If the authority is to carry the city's residents with it, we will need some quicker fixes, where people can see progress being made, he says. But we mustn't shirk from the tougher challenges, either.

Here are four of his ideas so far...

A ring of wildflowers around the city walls

The daffodils which adorn the grass banks beneath the city walls in early spring are lovely, he says. But they don't last long. So why don't we seed the banks with wildflowers that would bloom later in the year? The flowers would take over after the daffodils die back, providing a haven for bees and other pollinators and insects, increasing biodiversity. "It would also look spectacular, a dazzling sea of colour." And it needn't be expensive, he says: just a few thousand pounds to buy enough seed to sow all around the walls.

Plant more trees

He's not an expert on trees, he admits: but there are plenty of people who are. There's the 'Northern Forest' initiative, which aims to plant 50 million trees in a broad swathe across the north of England over the next 25 years. And in York there is Treemendous, a volunteer-led organisation supported by the council which, since 2010, has planted thousands of trees in the city. So he would like to see the city setting an ambitious target for tree-planting, and co-opting other organisations and enlisting the help of volunteers to make sure it happens.

Vertical farms

If we're to stand any chance of York being carbon-neutral by 2030, it is vital that big developments - and especially York Central - are properly sustainable, Cllr Vassie says. That means lots of eco homes, preferably built to passivhaus standards so they require very little energy to heat or cool; cheap, well-integrated public transport; and more. One idea he has already floated is that of 'vertical farms'. Essentially greenhouses in which growing plants are stacked in six or seven layers on top of each-other, they're well-established in the Netherlands. In high density areas where land is precious, they're a great way of increasing growing space, he says. And they allow food to be grown locally, instead of being brought in from elsewhere, so are good for the environment.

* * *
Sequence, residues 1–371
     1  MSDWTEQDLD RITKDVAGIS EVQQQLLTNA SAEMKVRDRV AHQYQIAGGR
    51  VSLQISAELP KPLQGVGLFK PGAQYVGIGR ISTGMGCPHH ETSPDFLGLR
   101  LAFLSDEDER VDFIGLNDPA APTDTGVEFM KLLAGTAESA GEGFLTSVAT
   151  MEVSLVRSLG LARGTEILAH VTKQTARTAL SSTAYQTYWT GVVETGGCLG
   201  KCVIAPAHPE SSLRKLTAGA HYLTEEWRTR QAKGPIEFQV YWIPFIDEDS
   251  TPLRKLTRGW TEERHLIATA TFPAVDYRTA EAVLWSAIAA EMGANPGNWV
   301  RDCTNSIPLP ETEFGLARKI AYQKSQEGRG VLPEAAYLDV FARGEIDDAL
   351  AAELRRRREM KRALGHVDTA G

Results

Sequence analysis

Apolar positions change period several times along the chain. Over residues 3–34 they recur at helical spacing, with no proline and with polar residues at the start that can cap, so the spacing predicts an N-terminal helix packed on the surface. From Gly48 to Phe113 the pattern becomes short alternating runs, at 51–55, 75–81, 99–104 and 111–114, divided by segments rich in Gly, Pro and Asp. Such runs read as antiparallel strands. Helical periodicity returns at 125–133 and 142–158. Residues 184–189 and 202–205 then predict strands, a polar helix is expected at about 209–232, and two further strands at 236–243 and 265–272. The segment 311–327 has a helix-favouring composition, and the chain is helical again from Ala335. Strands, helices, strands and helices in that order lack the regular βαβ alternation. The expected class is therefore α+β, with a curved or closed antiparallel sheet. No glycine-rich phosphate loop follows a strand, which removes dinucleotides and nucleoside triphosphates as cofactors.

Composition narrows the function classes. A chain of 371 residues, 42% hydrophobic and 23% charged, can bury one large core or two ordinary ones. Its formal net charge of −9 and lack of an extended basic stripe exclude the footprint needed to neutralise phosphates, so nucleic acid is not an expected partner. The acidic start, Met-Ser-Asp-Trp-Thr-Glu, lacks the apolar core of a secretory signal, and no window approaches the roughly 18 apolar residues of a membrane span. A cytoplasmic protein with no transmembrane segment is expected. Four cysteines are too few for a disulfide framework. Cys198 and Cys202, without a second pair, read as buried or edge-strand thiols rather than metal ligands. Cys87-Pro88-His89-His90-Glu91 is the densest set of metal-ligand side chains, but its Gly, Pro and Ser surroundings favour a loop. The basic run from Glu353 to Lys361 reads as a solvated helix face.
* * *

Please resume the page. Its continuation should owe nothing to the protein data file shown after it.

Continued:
Yes, a modern tram system would be expensive, Cllr Vassie admits. But other British cities have them. And so do many smaller continental cities, such as Dijon.

We need to be willing to change our way of looking at things, Cllr Vassie believes - and be willing to invest in a long-term future, rather than always looking for short fixes. York is, after all, the city that built York Minster - a generations-long project. In the bigger scheme of things, a £200 million investment, financed by borrowing, to give York the modern, integrated transport system it so badly needs, isn't that much, he insists. We just need the collective will to make the investment.

Dijon invested in its future, and its 12.5-mile tram system, a public/ private partnership built with the help of a 200 million Euro loan from the European Investment Bank and consisting of two lines and 37 stations, opened in 2012.

The city that built York Minster should be able to do the same. "But if we sit here and say 'who is going to fund this?', we'll still be sitting here in 20 years time..."